Sarah called my office with a question I have heard a thousand times. “My husband’s ex-wife is a very unhealthy person. She attacks us frequently in front of the kids and manipulates them constantly. How do we deal with this?”
Without question, one of the most menacing dynamics in a stepfamily is a destructive parent in the other home. A parent, for example, with a personality disorder or drug or porn addiction is exceedingly difficult to deal with. So, too, is someone who is just plain unreasonable, irresponsible, and selfish. The temptation, of course, is to get drawn into the emotional game-playing and try to out-fox the fox. But God’s Word suggests a better way.
In His infinite wisdom, God gives us specific instructions in the latter section of Romans 12 on how to love a difficult person. His prescription for overcoming evil is direct: overcome evil with good (verse 21). The goal, then, in spite of the hurt we experience at the hands of others, is to offer ourselves as a living sacrifice and repay evil with good.
But what about revenge? Isn’t that justified?
Aggressive with good
Romans 12:19 makes it clear that revenge is not in keeping with the mercies God has shown us (verse 1). God is the only one who should seek vengeance. He is the only one who is pure and holy, with no ulterior motives. He always desires our higher good. If a parent in the other home chooses evil, it is God’s job to handle the situation. Not yours.
So what is your role in the meantime? Are you supposed to sit around and passively wait for more persecution? No, the answer is to become aggressive with good.
When wicked behavior is running rampant, it feels like it is in control. However God’s Word tells us that good is more powerful than evil. God does not say that doing good to others will help us tolerate their evil. He says that we can overcome it.
Romans 12:21 tells us, “Do not be overcome by evil, but overcome evil with good.” (NIV). Light overwhelms darkness. Hope triumphs over discouragement. Love casts our fear.
It is our task, in the face of evil, to offer good. Why? Because good invites repentance.
Consider Romans 12:20: “If your enemy is hungry, feed him; if he is thirsty, give him something to drink. In doing this, you will heap burning coals on his head” (NIV). The phrase “heap burning coals on his head” referred to awakening the conscience of another. With good, we can melt the heart of evil with burning shame. Constantly repaying evil with good holds a mirror up to the perpetrator reflecting only their evil; in some cases this will bring about a change of heart.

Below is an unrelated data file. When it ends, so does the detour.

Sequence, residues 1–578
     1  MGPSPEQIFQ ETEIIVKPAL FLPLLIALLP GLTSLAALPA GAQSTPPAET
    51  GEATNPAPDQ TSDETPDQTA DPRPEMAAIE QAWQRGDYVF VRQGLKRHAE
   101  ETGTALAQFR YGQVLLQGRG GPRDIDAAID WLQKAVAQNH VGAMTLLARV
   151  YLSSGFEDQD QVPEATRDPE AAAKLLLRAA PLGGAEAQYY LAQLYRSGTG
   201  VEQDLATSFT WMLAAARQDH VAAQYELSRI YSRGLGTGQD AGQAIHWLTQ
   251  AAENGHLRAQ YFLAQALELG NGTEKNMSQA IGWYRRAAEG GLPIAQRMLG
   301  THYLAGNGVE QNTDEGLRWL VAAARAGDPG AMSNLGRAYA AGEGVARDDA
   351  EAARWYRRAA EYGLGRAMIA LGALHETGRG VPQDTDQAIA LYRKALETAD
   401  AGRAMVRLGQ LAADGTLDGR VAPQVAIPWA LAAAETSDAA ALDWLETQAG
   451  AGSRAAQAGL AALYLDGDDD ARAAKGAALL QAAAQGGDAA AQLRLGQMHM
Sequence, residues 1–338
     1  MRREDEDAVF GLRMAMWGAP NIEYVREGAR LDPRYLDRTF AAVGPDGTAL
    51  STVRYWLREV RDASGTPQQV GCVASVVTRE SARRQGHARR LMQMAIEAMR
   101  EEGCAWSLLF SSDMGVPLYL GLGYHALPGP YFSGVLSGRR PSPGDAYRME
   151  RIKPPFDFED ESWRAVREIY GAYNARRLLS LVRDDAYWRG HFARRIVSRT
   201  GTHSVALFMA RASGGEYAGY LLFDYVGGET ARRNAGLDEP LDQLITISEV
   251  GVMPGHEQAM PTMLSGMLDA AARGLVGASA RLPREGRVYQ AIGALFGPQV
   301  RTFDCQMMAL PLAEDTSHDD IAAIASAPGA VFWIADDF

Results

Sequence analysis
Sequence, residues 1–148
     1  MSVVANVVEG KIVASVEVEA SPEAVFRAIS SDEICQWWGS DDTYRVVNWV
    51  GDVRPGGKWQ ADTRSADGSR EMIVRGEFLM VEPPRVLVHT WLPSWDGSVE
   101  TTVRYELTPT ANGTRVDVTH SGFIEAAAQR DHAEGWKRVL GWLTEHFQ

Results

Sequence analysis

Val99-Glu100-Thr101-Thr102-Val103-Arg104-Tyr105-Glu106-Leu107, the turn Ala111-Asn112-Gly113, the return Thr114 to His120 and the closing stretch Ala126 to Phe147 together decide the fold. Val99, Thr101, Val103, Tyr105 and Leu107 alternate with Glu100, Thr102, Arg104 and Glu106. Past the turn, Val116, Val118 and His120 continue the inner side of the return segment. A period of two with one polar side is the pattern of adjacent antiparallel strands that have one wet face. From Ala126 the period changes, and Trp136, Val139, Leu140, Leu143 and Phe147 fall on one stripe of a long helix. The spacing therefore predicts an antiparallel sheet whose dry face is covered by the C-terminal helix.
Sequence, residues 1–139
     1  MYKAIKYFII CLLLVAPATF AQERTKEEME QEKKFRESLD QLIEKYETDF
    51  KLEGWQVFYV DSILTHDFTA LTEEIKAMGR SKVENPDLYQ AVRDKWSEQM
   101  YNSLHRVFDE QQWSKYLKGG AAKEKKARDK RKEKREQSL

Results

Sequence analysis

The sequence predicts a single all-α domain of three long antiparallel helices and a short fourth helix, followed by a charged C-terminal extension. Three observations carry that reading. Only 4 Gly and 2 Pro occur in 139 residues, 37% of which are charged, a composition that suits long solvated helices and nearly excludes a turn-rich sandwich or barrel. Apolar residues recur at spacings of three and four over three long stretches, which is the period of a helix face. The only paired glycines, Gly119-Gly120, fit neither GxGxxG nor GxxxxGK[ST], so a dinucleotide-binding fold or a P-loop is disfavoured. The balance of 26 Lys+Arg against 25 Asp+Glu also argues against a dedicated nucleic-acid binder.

I’ll never forget receiving a call from a woman I’ll call Carrie. She had recently remarried and needed some marital counseling. But what caught me off guard was the fact that she was referred by her children’s stepmother, Patty.
“I have come to trust Patty and her recommendations,” Carrie said. “But it didn’t start out that way—when she first married my ex-husband, I thought she was the enemy and I was threatened by her. But she has proven herself time and again to be decent and pure of heart. I actually consider her a friend at this point.” Wow! There is power in stubborn goodness.
What if repentance does not happen in the heart of the destructive parent? Then that behavior is between that person and the Almighty. In the meantime, you may suffer, but you must trust God to do what is right and to see you through the trial.
And what do you get for your obedience? Another passage in Scripture, Proverbs 25:22, concludes that the Lord will reward those who do good to those who are evil. The evil of some parents can be overcome in this life with good, others cannot. Either way, the Lord will notice your sacrifice and reward you.
Until then live this way (see Romans 12:14-20):
1. Maintain flexible boundaries. At times you will choose to “go the extra mile” and at other times you will say, “No.”
2. Notice your part of the ongoing conflict. Any time you try to change a difficult ex-spouse—even if for understandable moral reasons—you inadvertently invite resistance. Learn to let go of what you can’t change (if you couldn’t change him or her when you were married, what makes you think you can now?) so you don’t unknowingly keep the between-home power struggles alive.
3. Keep “business meetings” impersonal to avoid excessive conflict. Face-to-face interaction has the most potential for conflict. Use phone, email, or fax when possible. Keep children from being exposed to negative interaction when it’s within your power.
4. Use a script to help you manage yourself. Before making a phone call, take time to write out your thoughts including what you’ll say and not say. Stick to the business at hand and don’t get hooked into old arguments.
5. Wrestle with forgiveness. Hurt feelings from the past are the number one reason your ex—and you—overreact with one another. Do your part by striving to forgive your ex for the offenses of the past (and present). This will help you manage your emotions in current negotiations.
Relationship skills training should not overlook the menacing impact of a destructive ex-spouse. When conducting premarital counseling, help couples anticipate how a destructive parent can add stress to their home. When teaching conflict resolution skills, role-play dealing with an unreasonable parent. Support stepcouples as they wrestle with these stressors and you’ll see a decline in divorce.
© 2011 by Ron L. Deal. All rights reserved.